Clients begin by practicing with mild upset feelings. Once they’ve worked with mild upset feelings every day for at least a week, they move on to more intense feelings. For this level of practice, we want the upset feelings to be stronger, but not so difficult that clients get hijacked by them and are unable to practice. One method involves having clients listen to complaints that their partners have prerecorded, as I had Steve do with Debra’s complaints in the days of tape recorders. (Now we have the added convenience of making recordings on our smartphones.) Some clients don’t need to listen to recordings to activate upset feelings. They can feel upset just by setting aside times to regularly remember recent upsetting events. To many people this sounds crazy. “Why would I want to deliberately make myself upset?” they balk. The answer is so they can practice calming themselves frequently enough to wire their brains with an instinct to remain calm during upsetting situations.

Although the point of triggering is to learn how to calm oneself and eventually not get triggered in the first place, it’s undeniably painful work. When clients lose their nerve I empathize with them, readily acknowledging that there have been weeks, months, and even whole phases in my life when I just haven’t had the energy or motivation to engage in practices that would’ve been good for me. Sometimes life is like that; you just can’t sustain the courage or motivation to press on, and it’s wise to cut yourself some slack. I support clients who need to back off, but I don’t want them to delude themselves. Even as they’re backing off, I encourage them to consider that at some point, they’ll probably need to find the motivation to engage in difficult practices such as these if they want their habitual reactions to change.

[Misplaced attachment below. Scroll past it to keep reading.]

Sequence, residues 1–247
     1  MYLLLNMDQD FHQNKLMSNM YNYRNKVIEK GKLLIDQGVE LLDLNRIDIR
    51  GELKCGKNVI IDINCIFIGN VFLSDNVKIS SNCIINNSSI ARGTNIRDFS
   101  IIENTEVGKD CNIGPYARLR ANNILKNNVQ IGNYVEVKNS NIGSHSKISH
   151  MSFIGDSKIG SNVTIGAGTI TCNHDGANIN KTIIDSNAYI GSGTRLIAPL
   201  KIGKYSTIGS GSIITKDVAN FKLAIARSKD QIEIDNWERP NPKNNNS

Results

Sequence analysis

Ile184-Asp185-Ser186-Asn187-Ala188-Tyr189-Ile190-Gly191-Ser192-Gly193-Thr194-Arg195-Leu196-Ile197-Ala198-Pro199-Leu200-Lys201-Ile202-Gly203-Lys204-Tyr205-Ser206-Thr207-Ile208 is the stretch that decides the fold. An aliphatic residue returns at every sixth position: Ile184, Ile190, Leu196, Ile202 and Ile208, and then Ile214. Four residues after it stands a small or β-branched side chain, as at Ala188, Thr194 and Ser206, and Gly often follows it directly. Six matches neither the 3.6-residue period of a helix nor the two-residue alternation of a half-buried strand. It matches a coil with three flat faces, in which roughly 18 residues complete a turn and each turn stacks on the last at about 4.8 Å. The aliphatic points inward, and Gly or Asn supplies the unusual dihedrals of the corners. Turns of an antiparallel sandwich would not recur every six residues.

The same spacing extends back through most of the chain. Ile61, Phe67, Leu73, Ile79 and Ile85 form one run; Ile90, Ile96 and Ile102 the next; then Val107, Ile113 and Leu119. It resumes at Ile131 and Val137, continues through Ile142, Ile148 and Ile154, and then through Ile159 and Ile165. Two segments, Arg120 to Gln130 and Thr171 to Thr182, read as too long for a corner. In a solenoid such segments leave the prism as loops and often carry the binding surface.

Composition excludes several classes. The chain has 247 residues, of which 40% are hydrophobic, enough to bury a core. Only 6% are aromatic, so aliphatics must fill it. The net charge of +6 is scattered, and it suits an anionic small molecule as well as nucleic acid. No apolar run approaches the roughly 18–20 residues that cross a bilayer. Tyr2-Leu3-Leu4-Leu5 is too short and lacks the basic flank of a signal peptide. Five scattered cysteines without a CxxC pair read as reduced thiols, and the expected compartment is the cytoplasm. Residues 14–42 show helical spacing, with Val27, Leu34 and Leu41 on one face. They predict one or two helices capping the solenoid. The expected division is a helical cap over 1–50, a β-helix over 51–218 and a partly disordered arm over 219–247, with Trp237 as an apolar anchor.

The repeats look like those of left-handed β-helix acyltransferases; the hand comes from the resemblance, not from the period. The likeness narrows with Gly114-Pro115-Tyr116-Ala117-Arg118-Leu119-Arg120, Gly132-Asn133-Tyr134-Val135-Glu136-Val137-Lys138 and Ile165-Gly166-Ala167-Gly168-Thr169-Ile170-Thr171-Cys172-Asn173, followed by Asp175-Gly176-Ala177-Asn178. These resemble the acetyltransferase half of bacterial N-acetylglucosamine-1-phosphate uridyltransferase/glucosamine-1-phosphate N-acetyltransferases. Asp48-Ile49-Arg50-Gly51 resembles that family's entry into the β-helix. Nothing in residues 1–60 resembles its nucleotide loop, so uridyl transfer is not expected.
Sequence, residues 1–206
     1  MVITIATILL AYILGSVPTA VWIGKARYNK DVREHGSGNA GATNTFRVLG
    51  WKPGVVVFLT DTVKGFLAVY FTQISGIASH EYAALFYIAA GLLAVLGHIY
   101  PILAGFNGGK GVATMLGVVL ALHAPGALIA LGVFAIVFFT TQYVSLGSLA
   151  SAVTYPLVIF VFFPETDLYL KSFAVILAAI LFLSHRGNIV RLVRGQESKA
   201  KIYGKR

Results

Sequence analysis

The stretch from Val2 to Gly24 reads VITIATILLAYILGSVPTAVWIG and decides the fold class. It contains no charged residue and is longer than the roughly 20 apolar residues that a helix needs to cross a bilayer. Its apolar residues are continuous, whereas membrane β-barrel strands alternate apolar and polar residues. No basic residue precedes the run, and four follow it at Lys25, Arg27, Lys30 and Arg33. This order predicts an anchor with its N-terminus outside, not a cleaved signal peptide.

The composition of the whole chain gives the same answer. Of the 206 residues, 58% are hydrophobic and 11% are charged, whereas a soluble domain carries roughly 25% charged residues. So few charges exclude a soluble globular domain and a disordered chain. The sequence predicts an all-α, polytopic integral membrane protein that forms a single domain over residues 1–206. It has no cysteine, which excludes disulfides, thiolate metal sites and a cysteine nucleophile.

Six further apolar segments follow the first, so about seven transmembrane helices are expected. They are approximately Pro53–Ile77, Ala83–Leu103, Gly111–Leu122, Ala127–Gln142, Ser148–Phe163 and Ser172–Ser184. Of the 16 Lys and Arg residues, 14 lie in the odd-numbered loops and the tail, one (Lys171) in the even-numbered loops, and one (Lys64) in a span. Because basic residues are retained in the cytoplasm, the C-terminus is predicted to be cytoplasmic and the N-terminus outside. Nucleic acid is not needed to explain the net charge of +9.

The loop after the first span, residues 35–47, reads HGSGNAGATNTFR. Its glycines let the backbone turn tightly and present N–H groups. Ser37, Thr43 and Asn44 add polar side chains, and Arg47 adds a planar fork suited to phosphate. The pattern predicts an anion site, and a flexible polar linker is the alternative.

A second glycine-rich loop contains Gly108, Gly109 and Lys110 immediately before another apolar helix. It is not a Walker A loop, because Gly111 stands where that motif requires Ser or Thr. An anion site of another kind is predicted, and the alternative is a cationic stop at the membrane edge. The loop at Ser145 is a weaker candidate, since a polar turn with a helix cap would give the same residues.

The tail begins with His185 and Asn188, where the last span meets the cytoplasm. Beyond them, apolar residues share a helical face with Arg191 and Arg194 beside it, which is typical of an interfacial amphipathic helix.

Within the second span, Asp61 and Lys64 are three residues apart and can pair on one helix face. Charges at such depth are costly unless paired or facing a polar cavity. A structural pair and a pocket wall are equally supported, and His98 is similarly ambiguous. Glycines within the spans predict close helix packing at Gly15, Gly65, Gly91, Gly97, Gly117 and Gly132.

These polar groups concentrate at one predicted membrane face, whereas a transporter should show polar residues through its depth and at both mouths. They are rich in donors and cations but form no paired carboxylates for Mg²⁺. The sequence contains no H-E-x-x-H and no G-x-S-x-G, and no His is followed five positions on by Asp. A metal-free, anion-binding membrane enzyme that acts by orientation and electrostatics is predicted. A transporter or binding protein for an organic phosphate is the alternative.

Intense upset feelings during actual arguments are the most difficult for clients to practice with; however, clients who have practiced diligently with mild and moderate feelings can usually soothe intense feelings as well. First, we familiarize them with the process of working with intense feelings in advance, when they’re calm and can fully take in each element of practice. Then during conjoint sessions, we ask them to discuss hot issues, the ones that trigger strong feelings. Ahead of time, clients agree that when they’re triggered, they’ll take session breaks for the purpose of practicing distress tolerance and self-soothing, and I give them the set of instructions in the box on the next page to help them through each of the steps.